As a last minute fill-in, I played softball last night (a doubleheader) for the first time in seven years. To my surprise, the hitting came back to me well enough – 2-4 with a walk – but defense, previously my calling card, eluded me. Since I was a fill-in, I played all over. But when I landed in left field, I was eaten alive. I’d never played out there before, either in my baseball days or earlier softball days (and in kickball, I am more of a center field guy), and I dramatically underestimated how hard it is to read the ball off the bat (especially at night and with the ball traveling through the lights). I could not have better exemplified the guy who has no idea how deep the ball has been hit, takes his first step in, and then regrets it. Twice in the same inning – both with two outs, oof – balls went over my head that a more skilled left fielder would have easily caught. It is not unfair to say that my misadventures cost us that game (we won the second game), and I have played my last inning in left field (and maybe my last softball inning if they don’t have me back). I am shamed.
- In the wake of the Marlins’ Loria-tells-manager-what-to-do flap, folks asked Dale Sveum if the front office (which is slightly different, mind you, because Loria is the Marlins’ owner, not in the baseball operations department) tells him what to do with lineups and pitcher usage. Sveum said that, in his year-plus with the Cubs, he’s never once gotten that phone call. “We’ve had casual conversation [about philosophy], but nothing concrete,” Sveum said, per Gordon Wittenmyer. “All of us are smart enough to know how we’re going to use each guy …. I’m pretty comfortable that they trust me and my knowledge of the game and watching video …. It’s a great relationship.” The key here is that the front office guys don’t need to tell Sveum precisely how to use guys, because all fronts are on the same page about the organization’s goals. Sveum understands player value, and the front office guys understand that player performance drives that value. So, as long as Sveum is trying to put guys in the best position to succeed, then Sveum is also serving the front office goal of generating player value. Even beyond that, these guys simply have a collaborative relationship.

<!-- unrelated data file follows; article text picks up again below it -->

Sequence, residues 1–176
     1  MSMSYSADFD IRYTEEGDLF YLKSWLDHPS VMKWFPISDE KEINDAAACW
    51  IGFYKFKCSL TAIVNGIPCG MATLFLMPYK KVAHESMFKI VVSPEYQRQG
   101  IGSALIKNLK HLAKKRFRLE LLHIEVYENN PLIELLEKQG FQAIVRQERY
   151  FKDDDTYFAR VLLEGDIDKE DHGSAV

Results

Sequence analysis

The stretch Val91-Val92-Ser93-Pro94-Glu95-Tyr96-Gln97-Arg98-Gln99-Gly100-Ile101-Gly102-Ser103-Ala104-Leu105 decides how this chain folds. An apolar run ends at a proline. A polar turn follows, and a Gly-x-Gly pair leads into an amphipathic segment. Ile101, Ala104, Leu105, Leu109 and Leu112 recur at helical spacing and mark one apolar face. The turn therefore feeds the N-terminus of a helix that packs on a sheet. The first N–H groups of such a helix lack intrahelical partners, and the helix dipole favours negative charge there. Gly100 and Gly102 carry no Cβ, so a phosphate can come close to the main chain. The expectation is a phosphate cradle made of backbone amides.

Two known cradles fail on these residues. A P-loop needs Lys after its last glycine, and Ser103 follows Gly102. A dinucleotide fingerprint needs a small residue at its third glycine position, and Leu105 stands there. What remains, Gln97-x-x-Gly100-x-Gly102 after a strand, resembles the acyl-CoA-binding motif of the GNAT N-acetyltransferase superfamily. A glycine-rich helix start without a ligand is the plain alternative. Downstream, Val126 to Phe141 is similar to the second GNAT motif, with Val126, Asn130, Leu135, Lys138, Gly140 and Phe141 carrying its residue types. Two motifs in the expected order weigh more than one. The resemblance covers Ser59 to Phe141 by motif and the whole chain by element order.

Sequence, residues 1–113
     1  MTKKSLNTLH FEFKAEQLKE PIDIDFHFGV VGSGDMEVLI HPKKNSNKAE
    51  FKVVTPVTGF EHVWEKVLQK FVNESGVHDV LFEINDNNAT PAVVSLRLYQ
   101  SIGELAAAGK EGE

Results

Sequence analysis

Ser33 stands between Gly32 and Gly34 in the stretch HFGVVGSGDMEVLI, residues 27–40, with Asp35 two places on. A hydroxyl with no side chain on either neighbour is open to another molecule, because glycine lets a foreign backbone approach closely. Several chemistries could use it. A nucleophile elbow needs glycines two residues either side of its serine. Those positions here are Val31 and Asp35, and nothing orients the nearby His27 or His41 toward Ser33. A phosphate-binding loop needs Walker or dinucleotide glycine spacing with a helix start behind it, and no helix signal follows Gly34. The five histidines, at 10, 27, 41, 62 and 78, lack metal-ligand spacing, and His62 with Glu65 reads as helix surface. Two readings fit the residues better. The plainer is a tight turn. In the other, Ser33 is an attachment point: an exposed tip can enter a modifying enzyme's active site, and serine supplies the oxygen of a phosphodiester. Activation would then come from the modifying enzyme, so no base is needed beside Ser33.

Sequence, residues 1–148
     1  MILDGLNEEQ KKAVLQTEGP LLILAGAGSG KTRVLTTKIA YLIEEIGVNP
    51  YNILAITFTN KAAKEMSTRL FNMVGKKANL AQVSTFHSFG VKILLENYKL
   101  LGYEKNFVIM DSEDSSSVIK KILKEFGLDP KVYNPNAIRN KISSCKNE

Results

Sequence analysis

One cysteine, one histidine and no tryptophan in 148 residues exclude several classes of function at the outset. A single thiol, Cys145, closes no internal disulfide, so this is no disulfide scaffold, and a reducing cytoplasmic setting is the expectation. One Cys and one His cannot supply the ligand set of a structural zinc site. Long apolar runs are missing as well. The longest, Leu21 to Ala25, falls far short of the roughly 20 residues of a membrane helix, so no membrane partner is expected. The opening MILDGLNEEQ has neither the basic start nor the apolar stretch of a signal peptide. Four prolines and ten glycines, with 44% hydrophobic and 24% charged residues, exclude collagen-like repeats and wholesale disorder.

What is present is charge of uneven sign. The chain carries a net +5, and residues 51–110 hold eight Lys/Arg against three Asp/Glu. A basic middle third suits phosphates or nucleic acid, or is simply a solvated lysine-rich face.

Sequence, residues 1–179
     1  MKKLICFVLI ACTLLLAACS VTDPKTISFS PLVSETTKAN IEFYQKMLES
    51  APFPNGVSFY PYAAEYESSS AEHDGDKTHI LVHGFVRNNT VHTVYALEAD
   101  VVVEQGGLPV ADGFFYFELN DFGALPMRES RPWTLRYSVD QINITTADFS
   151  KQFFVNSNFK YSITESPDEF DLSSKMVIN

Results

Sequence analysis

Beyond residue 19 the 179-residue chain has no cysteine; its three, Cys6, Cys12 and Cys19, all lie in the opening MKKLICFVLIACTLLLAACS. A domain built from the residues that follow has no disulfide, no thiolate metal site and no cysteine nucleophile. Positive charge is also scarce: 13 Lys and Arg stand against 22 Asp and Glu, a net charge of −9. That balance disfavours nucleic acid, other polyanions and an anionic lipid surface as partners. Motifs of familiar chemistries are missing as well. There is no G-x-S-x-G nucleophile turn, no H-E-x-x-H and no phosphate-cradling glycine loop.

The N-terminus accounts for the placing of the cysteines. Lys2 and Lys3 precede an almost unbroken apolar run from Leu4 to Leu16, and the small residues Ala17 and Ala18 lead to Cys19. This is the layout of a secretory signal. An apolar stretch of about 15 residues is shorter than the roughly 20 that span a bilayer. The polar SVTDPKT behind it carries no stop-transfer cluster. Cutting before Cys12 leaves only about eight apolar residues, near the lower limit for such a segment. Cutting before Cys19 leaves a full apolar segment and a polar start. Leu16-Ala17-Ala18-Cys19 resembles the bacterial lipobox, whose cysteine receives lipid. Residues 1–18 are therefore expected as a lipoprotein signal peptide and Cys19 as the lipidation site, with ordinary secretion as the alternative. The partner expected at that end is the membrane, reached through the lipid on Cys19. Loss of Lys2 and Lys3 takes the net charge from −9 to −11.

- Matt Garza threw on flat ground yesterday, and reportedly felt good. He subsequently tweeted that he’d be back on May 1, which means he’ll be making his first rehab start at AA Tennessee on Wednesday (that’s May 1). From there, Dale Sveum said Garza will need either two or three more minor league starts before coming up to the Cubs. If it’s just two more starts, Garza could be back in the May 16/17/18 range, but I’d guess a total of four minor league starts is likely. That would put his return in the May 21/22/23 range. Here’s hoping.
- Kyuji Fujikawa threw 25 pitches on flat ground yesterday, and is expected to throw 30 to 35 pitches off the mound on Monday. After that, he’ll likely need two minor league appearances (Wednesday and Friday?) before returning to the Cubs. Fujikawa went on the DL on April 13 with a forearm strain.
- Josh Vitters (back) and Albert Almora (wrist) are in Arizona rehabbing, with Vitters playing games and Almora taking batting practice (per Arizona Phil at TCR). Vitters is essentially having his Spring Training after missing the real one with a quad injury and then subsequently injuring his back. Almora is coming back from having the hamate bone in his wrist removed following a break. He could start playing in games soon, and is expected to start his season at Kane County at some point in May.
- Anthony Rizzo’s two homers last night gave him 8 in April, which is a Cubs record for lefties. He’s two shy of the overall club record, which is 10, set by Alfonso Soriano in 2011. If you think Rizzo doesn’t have enough time to catch Soriano, consider that he hit 4 of his 10 homers in his final three games that April.
- Our second fantasy contest went off last night, and once again I finished middle of the pack. Nobody on my roster really hooked me up, and my CarGo/Tulo strategy didn’t score me many points. And Giancarlo Stanton did nothing for me, which, well, I suppose is a good thing. Triggerhut was your winner (Pablo Sandoval was his only player who didn’t work out), with sbrust, joe123, Wackoman1, Cubscorner, ajmills100, bryanroy91, twins414, Bretzky7, and stacy0703 rounded out the top 10. If you played in the first two contests, or even if you didn’t, stay tuned: we’ll be doing something new/different/fun in May. And we’ll probably do another one of these same contests, too. We can’t change things *too* much …